Taking Stock / Nyet Worries, Be Happy

MOSCOW - On the first morning of the World Economic Forum special convention in the Russian capital last month, it transpired that the Russian banker Alexander Slesarev had some unhappy clients.

Anonymous attackers armed with Kalashnikov rifles fired on his armored Mercedes as he was traveling with his loved ones outside Moscow. The banker and his wife Natalia were killed on the spot. Their older daughter Elizaveta was badly wounded and died on her way to hospital, while the younger daughter survived. As the assassins had sprayed bullets at the car, a priest and nun driving in the next lane were also killed.

Slesarev, 37 at his death, had been a well-known figure in Russian financial circles. In the early 1990s he had been a taxi driver and sold flowers on the side. In a decade he had become one of Russia's richest men. He set up a series of businesses, most importantly banks, by virtue of his excellent relations with the Kremlin. How excellent these relations were is shown by the fact that in the last election, he was one of the most generous backers of President Vladimir Putin.

But in the spring of 2004, his banks Sodbusinessbank and Credittrust Bank became embroiled one right after the other in scandal. The Russian central bank yanked their banking licenses for allegedly laundering the proceeds of crime. Depositors withdrew their money in a hurry, and Sodbusinessbank went belly-up.

When in Rome

If the World Economic Forum had been taking place anywhere else, the brutal murders of a banker and his family would have grabbed the spotlight. After all, the distinguished economic forum, which convenes once a year at Davos, Switzerland, lists among its members some of the world's biggest bankers, businessmen, industrialists and investors.

But the conference was in Moscow, and in Russia, slaughtering businessmen has become routine. Slesarev's death didn't cause any of the Russian businessmen or the visiting dignitaries of global commerce to miss a beat. At the end of the first day, the organizers didn't blink before releasing an announcement that the conference had opened on an upbeat note.

No doubt about it, if you are a foreign investor who managed to enter the Russian energy or commodities market and didn't find yourself forced out by the government or its clerks, you have good reason to be optimistic. If you are a clerk in one of the countless arms of Russian government, ditto. In some cases, these reasons to be optimistic are solid as gold and lie cozily in some Swiss bank account.

Even if you're a Russian citizen who spent most of your life under the Soviet heel, you may have reasons to be optimistic. But if you are a visitor looking at Russia through the prism of Western values, you feel confused, at best. At worst, you feel distraught. Russian billionaires who are becoming increasingly involved in Israel's economy and business world pass before your eyes, alongside Israeli investors who are taking a new interest in all things Russian.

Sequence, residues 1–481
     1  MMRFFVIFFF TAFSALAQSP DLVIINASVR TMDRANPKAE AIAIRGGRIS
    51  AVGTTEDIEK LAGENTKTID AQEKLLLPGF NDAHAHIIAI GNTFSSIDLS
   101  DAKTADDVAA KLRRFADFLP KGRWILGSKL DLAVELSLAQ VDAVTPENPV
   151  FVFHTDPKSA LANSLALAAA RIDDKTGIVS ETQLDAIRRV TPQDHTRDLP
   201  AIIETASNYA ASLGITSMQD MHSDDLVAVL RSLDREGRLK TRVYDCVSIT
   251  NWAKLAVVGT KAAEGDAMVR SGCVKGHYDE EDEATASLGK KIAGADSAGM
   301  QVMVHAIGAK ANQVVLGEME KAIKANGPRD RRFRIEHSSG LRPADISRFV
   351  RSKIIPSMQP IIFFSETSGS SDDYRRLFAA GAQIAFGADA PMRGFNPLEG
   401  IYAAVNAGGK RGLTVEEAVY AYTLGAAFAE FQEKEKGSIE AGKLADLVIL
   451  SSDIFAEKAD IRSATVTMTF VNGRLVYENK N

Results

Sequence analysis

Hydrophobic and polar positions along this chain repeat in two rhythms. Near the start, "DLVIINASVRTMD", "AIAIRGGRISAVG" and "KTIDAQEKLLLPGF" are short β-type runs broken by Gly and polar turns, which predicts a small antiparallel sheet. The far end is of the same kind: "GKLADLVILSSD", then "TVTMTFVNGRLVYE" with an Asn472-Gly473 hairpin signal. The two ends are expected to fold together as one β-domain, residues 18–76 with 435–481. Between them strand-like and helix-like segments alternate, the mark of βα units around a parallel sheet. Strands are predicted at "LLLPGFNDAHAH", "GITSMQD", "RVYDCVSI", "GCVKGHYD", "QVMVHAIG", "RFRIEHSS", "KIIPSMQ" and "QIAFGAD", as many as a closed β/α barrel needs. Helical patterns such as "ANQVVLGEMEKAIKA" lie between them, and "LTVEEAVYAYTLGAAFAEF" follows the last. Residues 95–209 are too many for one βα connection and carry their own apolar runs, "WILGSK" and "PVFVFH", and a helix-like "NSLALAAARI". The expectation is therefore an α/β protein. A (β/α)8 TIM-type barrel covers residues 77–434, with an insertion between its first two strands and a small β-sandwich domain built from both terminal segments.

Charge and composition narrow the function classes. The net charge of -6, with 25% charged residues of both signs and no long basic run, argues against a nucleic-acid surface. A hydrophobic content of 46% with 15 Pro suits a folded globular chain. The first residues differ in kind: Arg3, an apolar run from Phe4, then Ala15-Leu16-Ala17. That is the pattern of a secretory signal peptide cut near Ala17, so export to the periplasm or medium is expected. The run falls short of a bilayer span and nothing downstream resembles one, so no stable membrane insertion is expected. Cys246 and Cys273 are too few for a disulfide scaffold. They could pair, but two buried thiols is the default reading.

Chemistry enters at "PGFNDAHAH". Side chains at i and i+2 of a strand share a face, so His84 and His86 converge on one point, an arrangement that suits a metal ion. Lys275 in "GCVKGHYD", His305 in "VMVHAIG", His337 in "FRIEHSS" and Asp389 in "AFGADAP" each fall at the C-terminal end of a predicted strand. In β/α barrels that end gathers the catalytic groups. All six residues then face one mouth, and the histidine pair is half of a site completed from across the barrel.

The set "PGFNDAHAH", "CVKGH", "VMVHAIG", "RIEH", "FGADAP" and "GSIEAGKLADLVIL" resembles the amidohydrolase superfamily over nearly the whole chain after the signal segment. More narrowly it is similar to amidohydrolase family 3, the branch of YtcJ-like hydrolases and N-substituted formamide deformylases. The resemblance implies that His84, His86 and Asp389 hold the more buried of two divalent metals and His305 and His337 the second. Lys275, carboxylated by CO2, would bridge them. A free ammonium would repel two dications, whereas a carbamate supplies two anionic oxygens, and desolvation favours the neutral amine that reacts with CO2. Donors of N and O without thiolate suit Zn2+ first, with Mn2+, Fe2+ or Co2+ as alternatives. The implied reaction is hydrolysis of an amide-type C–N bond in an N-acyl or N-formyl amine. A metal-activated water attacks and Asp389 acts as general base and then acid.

In today's Russia, everything begins and ends with the price of commodities, ores and minerals, and mainly, oil. OPEC makes the headlines and the West is obsessed by the Arabs' petrodollars, but Russia is the world's second-biggest oil power, second only to Saudi Arabia. In 2004, Russia's oil production was 460 million tons or 12 percent of the global total, more than the production of Iraq, Iran and Kuwait together.

Russia also boasts tremendous amounts of natural gas, which is increasingly replacing oil as a source of energy. In 2004 it was the world's biggest producer of natural gas, producing 215 billion cubic meters, or 26.5 percent of the global total. That is more than double the production of the next country in line, Canada.

The tremendous appetites of India and China were responsible for much of the spike in oil prices. In the space of seven years Russia morphed from a country on the brink of disaster to a country with world-beating foreign currency reserves. In 1998 the Russian government declared bankruptcy, but in the last three years tax revenues have skyrocketed, mostly deriving from exports of oil, natural gas and commodities.

To understand how oil prices have impacted Russia, remember that in 1998, the year of the financial meltdown, global revenues from oil slumped, too. This year Russia's revenues from exporting oil stand to reach $120 billion, six times the figure for 1998.

"The entire Mendeleev periodic table of elements is there in the Russian soil," boasts a local businessman. "As long as the global economy grows, as long as Indian and Chinese demand persists and as long as oil doesn't fall below $30 or $40 a barrel, the Russian government has nothing to worry about. Do you hear anybody suggesting that oil might fall below $30, at least in the space of the next five years? I don't. That's why we're optimistic."